Pssst — can you keep a secret? Neither can Hillary Clinton … or her staff. According to an exclusive report from Fox News reporters Catherine Herridge and Pamela Browne, the 29 e-mails considered too damaging to release even in redacted form went through at least a dozen different e-mail accounts on Hillary’s secret server and at the State Department:

At least a dozen email accounts handled the “top secret” intelligence that was found on Hillary Clinton’s server and recently deemed too damaging for national security to release, a U.S. government official close to the review told Fox News.

The official said the accounts include not only Clinton’s but those of top aides – including Cheryl Mills, Huma Abedin, Jake Sullivan and Philippe Reines – as well as State Department Under Secretary for Management Patrick Kennedy and others.

A second source not authorized to speak on the record said the number of accounts involved could be as high as 30 and reflects how the intelligence was broadly shared, replied to, and copied to individuals using the unsecured server.

Just as a reminder, the New York Times corroborated Fox’s earlier reporting on the nature of those e-mails — including human intelligence sources, although the Times characterizes the identification of those sources as “oblique.” One came from Richard Holbrooke, who quarterbacked the diplomatic efforts needed to keep the drone program going in Pakistan:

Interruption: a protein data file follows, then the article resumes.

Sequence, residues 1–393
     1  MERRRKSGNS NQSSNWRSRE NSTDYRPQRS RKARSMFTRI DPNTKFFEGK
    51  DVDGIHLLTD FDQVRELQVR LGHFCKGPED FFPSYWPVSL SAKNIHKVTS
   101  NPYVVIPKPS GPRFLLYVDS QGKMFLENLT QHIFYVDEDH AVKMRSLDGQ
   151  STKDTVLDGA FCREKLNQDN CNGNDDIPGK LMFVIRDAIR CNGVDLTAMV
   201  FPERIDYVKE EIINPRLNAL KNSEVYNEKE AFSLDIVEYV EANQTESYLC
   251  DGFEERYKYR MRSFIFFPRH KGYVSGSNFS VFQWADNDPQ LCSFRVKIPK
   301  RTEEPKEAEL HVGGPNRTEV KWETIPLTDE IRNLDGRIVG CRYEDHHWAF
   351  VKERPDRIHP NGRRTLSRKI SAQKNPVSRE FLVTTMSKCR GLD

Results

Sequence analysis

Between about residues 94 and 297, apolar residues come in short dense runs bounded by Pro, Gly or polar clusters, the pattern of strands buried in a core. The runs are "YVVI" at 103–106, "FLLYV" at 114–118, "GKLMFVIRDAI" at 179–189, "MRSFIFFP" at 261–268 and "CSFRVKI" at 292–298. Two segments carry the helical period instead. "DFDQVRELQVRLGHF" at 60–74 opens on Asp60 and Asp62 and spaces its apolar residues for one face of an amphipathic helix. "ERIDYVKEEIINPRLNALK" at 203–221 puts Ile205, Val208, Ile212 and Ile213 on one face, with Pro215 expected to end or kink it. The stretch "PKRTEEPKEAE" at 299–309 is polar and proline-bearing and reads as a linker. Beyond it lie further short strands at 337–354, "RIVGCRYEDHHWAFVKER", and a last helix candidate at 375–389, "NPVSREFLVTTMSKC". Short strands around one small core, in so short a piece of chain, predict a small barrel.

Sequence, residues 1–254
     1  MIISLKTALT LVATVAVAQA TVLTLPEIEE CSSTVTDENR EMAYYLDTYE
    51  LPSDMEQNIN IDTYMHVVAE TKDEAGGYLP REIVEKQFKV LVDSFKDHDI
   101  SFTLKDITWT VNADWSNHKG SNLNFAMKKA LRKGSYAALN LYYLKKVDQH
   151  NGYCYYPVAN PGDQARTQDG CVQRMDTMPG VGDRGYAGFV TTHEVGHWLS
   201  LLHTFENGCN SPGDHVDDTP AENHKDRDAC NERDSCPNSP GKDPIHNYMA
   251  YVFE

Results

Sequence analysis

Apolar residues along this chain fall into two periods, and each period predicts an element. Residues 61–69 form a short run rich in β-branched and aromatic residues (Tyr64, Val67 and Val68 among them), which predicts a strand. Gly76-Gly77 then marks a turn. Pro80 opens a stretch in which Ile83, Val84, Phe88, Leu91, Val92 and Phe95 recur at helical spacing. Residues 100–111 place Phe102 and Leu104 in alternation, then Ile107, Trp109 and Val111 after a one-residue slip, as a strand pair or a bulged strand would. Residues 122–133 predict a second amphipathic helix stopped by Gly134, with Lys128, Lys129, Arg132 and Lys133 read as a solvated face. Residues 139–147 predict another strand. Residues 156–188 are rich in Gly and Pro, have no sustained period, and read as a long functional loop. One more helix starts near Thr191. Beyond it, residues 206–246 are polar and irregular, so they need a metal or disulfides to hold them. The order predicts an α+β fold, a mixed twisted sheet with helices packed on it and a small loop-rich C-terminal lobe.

Several officials said that at least one of the emails contained oblique references to C.I.A. operatives. One of the messages has been given a designation of “HCS-O” — indicating that the information was derived from human intelligence sources — a detail that was first reported by Fox News. The officials said that none of the emails mention specific names of C.I.A. officers or the spy agency’s sources.

The government officials said that discussions in an email thread about a New York Times article — the officials did not say which article — contained sensitive information about the intelligence surrounding the C.I.A.’s drone activities, particularly in Pakistan.

The officials said that at least one of the 22 emails came from Richard C. Holbrooke, who as the administration’s special envoy for Afghanistan and Pakistan would have been intimately involved in dealing with the ramifications of drone strikes. Mr. Holbrooke died in December 2010.

The inclusion of Patrick Kennedy is especially interesting. Kennedy was in charge of security decisions at State during the months leading up to the Benghazi attack, ultimately bypassing security requirements for the consulate and denying requests for more resources. Kennedy should have understood the nature of the information passing through as many as 30 different e-mail accounts and taken steps to secure the data. This once again raises the point that Hillary’s e-mail server could hardly have been that secret. And it clearly wasn’t.

This demonstrates why classified information has to be protected at all times, and spillage promptly reported and remedied. Any information that would significantly damage national security has more potential to do so the longer it remains exposed. Thanks to Hillary’s attempts to hide her communications from legitimate oversight functions in Congress and the courts, this spillage went far, wide, and deep in time. The damage will likely be incalculable.